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Sandy Hook-Remington gun marketing settlement shows how to fight gun companies

The announcement earlier this week of a historic $73 million settlement with the families of nine of those killed at Sandy Hook Elementary School in Newtown, Connecticut, in 2012 might seem like a cynical cash swap for avoid admitting guilt. After all, by paying what is believed to be the largest sum ever paid to a weapons manufacturer in a mass shooting, Remington Arms, the company that manufactured and marketed the assault weapon used in the mass murder of 26 people, including 20 freshmen, made no mention of responsibility.

Even though this result is the result of an agreement between the parties and not a trial verdict – and does not include a claim of liability – the result is a watershed moment.

But this interpretation misses the historical significance of the case. Even though this result is the result of an agreement between the parties and not of a trial verdict – and does not include a claim of liability – the result is a watershed moment that will surely reverberate at the headquarters of each manufacturer. weapons, especially those who manufacture and sell assault weapons.

The multi-year legal saga began as a long-running effort, hampered by the unique protection for gun manufacturers that Congress enacted in 2005. Called the Lawful Arms Trade Protection Act, the law virtually barred lawsuits civil. against the arms industry. It did include a few exceptions, however, including for sales and marketing practices that violate federal or state law.

And Connecticut happens to have an unusual consumer law, the Unfair Trade Practices Act, which allows for legal action against companies that engage in irresponsible marketing of their products — in this case by “promoting the illegal military use of the rifle by civilians,” according to the Giffords Center, a gun safety group. (New York enacted a similar law in 2021.)

Potential buyers of weapons like Remington’s Bushmaster AR-15 rifle – the weapon used at Sandy Hook – have been urged to “consider your re-issued man card”, along with similar militaristic marketing which, according to plaintiffs, had a particular appeal for troubled young men like the Sandy Hook shooter. The resulting monetary settlement represented the maximum insurance payout available. In this regard, it is a sanction that speaks for itself.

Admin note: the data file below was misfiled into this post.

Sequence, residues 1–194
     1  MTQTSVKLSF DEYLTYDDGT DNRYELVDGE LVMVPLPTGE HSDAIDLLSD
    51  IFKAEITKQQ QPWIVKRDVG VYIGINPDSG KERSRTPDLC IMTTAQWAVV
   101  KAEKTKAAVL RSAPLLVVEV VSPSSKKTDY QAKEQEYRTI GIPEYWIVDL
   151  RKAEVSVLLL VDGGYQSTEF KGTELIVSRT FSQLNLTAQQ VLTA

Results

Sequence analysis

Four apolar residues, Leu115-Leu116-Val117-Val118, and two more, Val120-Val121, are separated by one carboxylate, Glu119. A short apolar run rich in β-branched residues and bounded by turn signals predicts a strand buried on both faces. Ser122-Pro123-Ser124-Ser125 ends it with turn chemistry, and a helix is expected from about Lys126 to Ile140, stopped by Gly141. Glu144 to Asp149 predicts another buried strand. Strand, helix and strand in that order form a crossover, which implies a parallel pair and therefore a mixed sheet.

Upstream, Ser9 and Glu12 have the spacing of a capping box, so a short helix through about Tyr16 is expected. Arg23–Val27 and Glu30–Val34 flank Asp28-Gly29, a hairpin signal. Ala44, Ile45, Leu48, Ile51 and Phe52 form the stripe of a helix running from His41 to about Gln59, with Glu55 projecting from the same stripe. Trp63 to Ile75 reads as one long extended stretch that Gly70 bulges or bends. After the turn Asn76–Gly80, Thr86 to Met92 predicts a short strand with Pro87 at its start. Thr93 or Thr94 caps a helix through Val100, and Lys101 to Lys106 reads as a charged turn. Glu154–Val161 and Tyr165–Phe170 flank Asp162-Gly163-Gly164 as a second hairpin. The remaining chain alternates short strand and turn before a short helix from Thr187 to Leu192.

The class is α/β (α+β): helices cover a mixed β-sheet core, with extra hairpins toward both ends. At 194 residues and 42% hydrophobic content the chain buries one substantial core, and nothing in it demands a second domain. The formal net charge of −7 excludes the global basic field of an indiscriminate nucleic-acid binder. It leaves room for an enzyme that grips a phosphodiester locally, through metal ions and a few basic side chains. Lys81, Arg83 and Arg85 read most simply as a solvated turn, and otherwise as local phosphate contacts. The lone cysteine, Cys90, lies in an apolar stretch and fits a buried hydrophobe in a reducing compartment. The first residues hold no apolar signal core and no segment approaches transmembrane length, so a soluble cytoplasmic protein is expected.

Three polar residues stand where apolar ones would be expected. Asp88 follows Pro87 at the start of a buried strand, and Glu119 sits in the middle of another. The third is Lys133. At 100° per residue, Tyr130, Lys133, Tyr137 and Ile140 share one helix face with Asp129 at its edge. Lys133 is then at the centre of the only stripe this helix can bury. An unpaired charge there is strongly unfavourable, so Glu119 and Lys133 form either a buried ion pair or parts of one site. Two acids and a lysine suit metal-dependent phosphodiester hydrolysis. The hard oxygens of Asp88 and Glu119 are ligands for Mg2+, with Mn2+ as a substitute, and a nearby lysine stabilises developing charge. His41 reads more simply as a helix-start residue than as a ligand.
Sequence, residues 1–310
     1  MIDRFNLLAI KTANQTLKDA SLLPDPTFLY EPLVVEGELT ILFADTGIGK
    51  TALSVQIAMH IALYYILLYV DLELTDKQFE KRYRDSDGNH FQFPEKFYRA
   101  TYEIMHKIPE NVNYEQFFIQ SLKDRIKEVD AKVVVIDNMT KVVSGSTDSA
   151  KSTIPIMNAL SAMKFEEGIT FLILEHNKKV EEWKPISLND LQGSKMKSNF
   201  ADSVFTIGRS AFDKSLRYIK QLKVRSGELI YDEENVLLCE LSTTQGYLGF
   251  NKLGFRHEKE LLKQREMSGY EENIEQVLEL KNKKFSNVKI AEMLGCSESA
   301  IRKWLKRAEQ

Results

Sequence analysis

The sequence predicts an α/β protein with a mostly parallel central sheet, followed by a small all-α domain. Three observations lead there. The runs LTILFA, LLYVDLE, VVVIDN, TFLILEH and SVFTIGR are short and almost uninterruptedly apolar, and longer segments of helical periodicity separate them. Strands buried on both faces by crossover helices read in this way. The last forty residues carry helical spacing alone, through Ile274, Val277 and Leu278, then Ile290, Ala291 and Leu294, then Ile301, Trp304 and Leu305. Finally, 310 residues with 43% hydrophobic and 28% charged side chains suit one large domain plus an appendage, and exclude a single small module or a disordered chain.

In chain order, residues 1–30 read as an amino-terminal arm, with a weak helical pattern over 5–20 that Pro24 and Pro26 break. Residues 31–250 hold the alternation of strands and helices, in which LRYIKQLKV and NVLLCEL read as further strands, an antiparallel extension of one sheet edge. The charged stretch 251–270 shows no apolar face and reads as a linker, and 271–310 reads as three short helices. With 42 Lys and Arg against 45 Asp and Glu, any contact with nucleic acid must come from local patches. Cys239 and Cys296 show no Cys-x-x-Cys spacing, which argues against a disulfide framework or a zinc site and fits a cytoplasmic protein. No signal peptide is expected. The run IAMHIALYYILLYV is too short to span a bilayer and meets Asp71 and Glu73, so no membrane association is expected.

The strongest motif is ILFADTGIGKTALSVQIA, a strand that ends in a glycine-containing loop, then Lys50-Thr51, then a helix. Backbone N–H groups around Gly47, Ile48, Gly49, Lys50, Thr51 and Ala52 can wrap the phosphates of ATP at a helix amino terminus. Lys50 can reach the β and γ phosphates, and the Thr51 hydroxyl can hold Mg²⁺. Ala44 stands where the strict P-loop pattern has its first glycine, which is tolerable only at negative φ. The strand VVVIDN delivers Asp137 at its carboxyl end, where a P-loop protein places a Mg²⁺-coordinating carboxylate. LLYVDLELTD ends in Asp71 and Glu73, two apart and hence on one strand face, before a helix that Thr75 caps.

Perhaps more importantly, however, the deal includes the public release of thousands of pages of internal Remington documents. Disclosure of documents was so important to the families that, as their attorney put it, “no documents, no deal.”

When the judge in the case ruled that the prosecution could proceed, including the discovery phase, it allowed plaintiffs’ attorneys to open the lid on the company’s internal communications. Public disclosure of candid corporate discussions about how best to sell the company’s weapons could at least be embarrassing, and at worst confirm his guilt under Connecticut law.

The settlement means gunmakers will not only rethink their ad campaigns, but also possibly whether they want to continue making and selling assault weapons due to their vulnerability to future lawsuits.

A few companies have already taken this direction. After the 2018 Parkland School Massacre, in which the shooter also used an assault weapon, national sporting goods retailer Dick’s Sporting Goods announced it would stop selling assault weapons. Walmart announced the same earlier and Kroger stopped selling guns and ammunition in its Fred Meyer stores. Yet the profitability of assault weapons, tied in part to militaristic marketing, retains strong appeal in the firearms world, although a few gun companies, such as Kimber Arms, have shunned the assault weapons market. .

Assault gun advocates point out that they are very popular among legitimate gun owners and are rarely used in crimes. In 2020, for example, almost 60% of all murders were committed with handguns, while assault weapons accounted for 3% or less. Still, assault weapons represent increased damage.

First, assault weapons are disproportionately used in mass shootings, having been used in more than a third of these events. Second, assault weapons are more lethal than other firearms, both due to their firing capabilities (the speed and action of bullets after they exit the barrel) and their ability to receive magazines high capacity ammunition (frequently used in mass shootings). And third, assault weapons have increasingly become the de facto symbol and weapon of choice for the most radical, aggressive and heavily armed extremist groups that have appeared in numerous protests across the country in recent years. .

The massive Sandy Hook settlement is unlikely to result in significant changes in public policy, except perhaps a few more states could pass a law similar to Connecticut’s. California and New Jersey are reportedly considering such measures. But the country’s current political polarization and relative paralysis make changes in gun policy unlikely in the foreseeable future. And while similar lawsuits are possible, a flood of such litigation is unlikely given the unique set of circumstances that must apply, such as those that came together in the Sandy Hook case.

The settlement, however, will still have significant consequences. At its core, this indicates that there are ways to solve America’s gun problems outside of passing laws. Some narrow avenues exist for litigation as companies increasingly distance themselves from the gun industry and gun rights organizations such as the National Rifle Association. The next time a case hits the courts, it could even push the arms makers to face their guilt.

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